The data on cancer risk and firefighters is clear. The CDC research shows that firefighters have a much higher risk for developing certain cancers than other workers in less dangerous and less toxic jobs. One way to mitigate this risk is with the proper equipment. When a building is on fire, or there is a car accident or hazardous materials spill, firefighters are the first ones on the scene. Fumes from these events as well as exposure to chemicals happens, but with the right gear, firefighters can stay healthier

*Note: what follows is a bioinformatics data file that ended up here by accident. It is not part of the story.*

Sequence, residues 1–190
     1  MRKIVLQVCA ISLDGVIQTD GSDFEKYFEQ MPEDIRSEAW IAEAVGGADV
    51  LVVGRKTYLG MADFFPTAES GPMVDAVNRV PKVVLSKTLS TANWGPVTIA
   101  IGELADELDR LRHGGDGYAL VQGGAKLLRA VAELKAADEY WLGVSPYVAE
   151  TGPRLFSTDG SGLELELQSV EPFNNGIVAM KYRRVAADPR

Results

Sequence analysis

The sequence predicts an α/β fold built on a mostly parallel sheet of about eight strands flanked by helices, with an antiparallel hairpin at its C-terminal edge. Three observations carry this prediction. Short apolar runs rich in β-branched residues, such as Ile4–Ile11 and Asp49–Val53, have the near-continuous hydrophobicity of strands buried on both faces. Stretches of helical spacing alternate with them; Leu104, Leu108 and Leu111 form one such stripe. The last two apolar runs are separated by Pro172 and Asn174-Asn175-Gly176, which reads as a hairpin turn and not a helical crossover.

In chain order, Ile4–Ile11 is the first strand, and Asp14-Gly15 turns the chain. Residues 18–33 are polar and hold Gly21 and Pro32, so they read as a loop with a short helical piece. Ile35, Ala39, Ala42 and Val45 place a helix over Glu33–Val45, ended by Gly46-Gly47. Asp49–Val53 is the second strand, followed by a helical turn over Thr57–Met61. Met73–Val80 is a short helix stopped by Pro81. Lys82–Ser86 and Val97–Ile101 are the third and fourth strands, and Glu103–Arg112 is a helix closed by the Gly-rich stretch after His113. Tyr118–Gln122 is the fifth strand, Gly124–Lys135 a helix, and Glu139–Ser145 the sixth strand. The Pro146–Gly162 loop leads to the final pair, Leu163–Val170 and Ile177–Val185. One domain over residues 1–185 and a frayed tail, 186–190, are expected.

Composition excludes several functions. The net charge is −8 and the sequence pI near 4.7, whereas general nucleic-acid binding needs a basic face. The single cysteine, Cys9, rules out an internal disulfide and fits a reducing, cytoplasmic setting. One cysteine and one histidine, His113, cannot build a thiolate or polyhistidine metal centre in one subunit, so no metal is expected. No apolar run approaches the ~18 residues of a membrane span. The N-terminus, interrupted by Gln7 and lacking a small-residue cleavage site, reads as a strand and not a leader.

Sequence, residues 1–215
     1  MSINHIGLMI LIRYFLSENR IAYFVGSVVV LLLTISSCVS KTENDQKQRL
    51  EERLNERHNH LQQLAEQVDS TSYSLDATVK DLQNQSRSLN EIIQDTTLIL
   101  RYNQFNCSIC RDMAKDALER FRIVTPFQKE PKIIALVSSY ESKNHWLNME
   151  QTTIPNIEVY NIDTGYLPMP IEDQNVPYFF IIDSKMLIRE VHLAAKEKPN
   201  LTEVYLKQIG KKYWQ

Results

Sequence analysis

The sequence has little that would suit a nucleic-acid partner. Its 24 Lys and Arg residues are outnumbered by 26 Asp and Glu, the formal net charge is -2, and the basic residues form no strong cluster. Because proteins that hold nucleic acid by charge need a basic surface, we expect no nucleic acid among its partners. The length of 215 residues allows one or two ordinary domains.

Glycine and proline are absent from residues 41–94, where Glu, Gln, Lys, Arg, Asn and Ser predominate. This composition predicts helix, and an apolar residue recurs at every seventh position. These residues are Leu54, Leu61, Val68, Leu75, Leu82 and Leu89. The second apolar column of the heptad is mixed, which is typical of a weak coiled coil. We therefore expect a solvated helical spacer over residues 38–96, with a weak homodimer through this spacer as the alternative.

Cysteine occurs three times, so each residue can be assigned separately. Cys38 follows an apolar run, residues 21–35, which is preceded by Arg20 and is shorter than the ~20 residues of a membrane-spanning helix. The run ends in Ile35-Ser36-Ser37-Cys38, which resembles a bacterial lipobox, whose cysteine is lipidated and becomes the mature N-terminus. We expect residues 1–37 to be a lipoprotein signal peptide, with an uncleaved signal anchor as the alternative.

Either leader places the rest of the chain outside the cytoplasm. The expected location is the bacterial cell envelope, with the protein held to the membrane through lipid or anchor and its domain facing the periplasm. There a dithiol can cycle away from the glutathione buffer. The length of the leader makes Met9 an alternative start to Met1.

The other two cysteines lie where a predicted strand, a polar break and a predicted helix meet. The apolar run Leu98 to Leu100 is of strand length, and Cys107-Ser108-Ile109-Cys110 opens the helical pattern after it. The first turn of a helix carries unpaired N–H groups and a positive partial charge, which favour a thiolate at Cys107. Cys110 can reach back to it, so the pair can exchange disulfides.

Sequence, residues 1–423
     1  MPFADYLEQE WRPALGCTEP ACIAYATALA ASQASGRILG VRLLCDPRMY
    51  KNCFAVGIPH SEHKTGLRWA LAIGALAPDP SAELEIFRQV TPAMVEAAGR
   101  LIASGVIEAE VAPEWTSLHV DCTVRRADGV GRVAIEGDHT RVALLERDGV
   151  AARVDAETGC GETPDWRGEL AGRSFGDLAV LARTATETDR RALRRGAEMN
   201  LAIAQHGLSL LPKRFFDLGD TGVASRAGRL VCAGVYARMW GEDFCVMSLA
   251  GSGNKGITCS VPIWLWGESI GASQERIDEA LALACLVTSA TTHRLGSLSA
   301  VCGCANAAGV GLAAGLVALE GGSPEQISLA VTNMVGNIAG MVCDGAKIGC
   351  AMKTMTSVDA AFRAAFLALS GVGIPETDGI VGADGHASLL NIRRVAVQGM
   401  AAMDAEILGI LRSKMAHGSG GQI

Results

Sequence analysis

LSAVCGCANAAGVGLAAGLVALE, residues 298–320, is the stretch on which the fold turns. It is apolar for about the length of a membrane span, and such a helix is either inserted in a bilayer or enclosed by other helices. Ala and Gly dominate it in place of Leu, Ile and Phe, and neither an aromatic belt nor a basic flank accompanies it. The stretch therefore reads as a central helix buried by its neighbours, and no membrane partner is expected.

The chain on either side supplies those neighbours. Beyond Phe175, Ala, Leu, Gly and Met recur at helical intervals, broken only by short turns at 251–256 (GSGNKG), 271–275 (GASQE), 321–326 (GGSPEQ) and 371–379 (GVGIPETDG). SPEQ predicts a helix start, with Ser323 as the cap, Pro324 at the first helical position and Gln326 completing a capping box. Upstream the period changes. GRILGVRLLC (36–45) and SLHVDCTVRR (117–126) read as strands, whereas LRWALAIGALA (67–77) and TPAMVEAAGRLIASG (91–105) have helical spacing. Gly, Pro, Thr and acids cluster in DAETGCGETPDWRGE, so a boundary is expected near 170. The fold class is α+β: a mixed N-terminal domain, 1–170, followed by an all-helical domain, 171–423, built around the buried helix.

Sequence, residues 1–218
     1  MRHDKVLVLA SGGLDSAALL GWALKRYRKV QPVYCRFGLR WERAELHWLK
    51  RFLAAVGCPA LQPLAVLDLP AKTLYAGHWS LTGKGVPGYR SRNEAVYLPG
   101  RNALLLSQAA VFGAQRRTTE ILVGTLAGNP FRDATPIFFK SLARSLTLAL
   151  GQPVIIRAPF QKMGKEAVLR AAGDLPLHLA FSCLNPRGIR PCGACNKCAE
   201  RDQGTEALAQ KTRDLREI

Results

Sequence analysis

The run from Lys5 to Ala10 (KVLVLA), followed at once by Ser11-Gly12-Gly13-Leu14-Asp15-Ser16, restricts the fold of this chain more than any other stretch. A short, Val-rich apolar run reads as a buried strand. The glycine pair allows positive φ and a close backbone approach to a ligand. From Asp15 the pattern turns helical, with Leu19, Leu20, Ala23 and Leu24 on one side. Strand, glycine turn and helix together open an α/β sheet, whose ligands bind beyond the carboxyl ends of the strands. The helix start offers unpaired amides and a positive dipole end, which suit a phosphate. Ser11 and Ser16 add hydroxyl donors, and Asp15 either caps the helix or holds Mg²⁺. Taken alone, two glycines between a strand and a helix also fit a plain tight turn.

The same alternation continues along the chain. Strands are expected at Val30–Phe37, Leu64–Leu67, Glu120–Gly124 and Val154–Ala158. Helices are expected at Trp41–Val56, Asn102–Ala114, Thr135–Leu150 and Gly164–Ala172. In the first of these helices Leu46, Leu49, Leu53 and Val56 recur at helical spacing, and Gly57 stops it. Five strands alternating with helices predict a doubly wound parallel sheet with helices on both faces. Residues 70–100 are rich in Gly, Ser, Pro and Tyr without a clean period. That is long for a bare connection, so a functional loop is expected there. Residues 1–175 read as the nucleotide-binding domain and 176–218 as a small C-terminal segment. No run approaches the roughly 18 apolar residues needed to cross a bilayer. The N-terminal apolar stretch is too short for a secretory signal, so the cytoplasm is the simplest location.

The challenge, as in many things, is money. Smaller fire departments in rural areas or poorer inner cities struggle to come up with the funds to buy things like improved washing machines to get chemicals out of protective clothing (at a cost of $10,000 per machine) and extra gear to have on hand ($2,000). More than just clothing, facilities and vehicles matter as well. Diesel fire engines spew fumes into the living quarters of firefighters and that impacts indoor air quality requiring costly ventilation systems. Many towns turn to fundraising when the budget isn't there, but the challenge remains.